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Bruges is the loveliest canal town #bruges #belgium #canals #flemish

42 thoughts on “One surreal day in the achingly beautiful town of Bruges

  1. Bruges is a beautiful little city and we loved it very much when we spent long weekend there a few years ago. It was in the middle of summer and despite the season and the heat, we were surprised that tourists were rather sparse. However, it was way too hot so we couldn’t buy any of Bruges’ famous chocolates. Now reading your post makes us want to go back for another visit.

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  2. I love Bruges! It’s beautiful, and the french fries and waffles are worth the calories. Did you go see the vial of Jesus’s blood? Glad you enjoyed it so much.

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  3. Ah, I wanted to see Bruges ever since watching the movie “In Bruges.” I’d love to wander through that labyrinth of cobbled streets and photograph those beautiful bridges over the canals. I’ve heard this is one the prettiest towns in Belgium and your post surely confirms it. Very atmospheric pictures!

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  4. I used to live in Brugge way back in the day (about ten years ago now, about the time that film ‘In Bruges’ came out with Colin Farrell. It was a short time but I fell in love with the city. The best thing, all the shops are closed after 6pm and on a Sunday, so people can spend family time. 🙂 I love taking cycle rides away from the centre and north towards Netherlands or south into the heart of Flanders. Such an amazing area with lots of history.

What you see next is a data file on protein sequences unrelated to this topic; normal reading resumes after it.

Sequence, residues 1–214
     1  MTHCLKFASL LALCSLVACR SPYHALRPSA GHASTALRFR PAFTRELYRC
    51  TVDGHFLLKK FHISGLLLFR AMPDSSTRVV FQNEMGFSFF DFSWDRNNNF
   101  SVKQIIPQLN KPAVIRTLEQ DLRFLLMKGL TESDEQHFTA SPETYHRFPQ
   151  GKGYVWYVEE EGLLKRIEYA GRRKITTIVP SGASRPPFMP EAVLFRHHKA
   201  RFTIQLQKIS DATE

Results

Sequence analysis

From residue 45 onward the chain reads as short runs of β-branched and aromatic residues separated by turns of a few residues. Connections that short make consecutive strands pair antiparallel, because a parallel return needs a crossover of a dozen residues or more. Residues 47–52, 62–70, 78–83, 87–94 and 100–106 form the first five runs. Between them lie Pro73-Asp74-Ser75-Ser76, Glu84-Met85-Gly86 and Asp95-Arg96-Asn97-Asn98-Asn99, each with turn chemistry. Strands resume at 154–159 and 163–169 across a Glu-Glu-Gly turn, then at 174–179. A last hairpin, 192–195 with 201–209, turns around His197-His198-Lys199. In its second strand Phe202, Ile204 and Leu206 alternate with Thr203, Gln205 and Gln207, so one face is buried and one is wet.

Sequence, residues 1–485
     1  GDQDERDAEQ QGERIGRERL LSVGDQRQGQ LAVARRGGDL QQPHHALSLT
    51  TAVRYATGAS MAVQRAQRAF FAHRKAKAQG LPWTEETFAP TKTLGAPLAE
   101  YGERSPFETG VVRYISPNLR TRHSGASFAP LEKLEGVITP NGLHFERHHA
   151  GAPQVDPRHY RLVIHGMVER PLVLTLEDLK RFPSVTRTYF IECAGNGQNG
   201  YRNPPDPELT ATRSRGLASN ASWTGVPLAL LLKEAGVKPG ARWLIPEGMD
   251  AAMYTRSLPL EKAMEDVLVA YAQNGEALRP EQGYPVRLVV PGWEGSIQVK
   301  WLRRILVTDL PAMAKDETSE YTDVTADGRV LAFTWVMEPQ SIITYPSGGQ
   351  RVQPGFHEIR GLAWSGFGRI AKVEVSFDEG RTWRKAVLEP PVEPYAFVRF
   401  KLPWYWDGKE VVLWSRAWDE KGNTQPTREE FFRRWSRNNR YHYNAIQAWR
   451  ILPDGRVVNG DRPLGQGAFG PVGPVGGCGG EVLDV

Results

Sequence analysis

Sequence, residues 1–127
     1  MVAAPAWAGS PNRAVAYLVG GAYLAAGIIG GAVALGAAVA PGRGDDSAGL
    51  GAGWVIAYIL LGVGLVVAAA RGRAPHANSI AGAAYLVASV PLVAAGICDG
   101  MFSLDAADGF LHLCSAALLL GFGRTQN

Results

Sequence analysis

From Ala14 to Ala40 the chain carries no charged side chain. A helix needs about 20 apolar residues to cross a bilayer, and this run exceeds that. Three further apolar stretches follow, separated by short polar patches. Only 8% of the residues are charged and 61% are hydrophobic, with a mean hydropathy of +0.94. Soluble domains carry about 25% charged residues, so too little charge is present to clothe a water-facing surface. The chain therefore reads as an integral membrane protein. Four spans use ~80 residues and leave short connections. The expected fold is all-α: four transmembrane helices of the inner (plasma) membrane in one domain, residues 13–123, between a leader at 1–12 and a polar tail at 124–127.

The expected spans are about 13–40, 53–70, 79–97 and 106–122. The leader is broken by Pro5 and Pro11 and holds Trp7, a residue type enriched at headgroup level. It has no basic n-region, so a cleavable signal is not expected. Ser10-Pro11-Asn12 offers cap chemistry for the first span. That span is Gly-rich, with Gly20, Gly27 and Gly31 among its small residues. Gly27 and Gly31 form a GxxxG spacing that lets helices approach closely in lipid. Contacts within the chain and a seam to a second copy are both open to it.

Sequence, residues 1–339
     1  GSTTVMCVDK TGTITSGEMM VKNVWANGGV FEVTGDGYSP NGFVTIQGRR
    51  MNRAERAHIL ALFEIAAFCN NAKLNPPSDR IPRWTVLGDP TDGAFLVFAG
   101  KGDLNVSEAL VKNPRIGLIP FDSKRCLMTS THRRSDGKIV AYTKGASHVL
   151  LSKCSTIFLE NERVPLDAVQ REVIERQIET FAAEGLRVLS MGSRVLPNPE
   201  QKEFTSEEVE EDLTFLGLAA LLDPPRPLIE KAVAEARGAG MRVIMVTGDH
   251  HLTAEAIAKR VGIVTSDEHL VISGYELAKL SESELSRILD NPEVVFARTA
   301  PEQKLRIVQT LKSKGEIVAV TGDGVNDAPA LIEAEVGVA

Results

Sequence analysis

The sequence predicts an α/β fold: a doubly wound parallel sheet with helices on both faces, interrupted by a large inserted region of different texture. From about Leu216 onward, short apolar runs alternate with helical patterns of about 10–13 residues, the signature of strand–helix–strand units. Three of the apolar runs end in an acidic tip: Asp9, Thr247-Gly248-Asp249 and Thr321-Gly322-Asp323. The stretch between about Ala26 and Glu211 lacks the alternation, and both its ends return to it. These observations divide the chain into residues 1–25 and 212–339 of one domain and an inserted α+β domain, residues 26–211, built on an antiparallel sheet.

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  5. I spent a day in Brussels and fell in love with it. I have been kicking myself for not including a stop in Bruges during that trip. I’m always a huge fan of canals… and chocolate! Such a gorgeous place

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  6. Bruges is very beautiful and I regret of not visiting it on my Belgium trip. You have very beautifully showed every nook & corner like a local. It also reminds me of movie PK. Knew it was famous for chocolates but 50 expert chocolatiers within 50 square miles is a news. Good to see the lace work as well.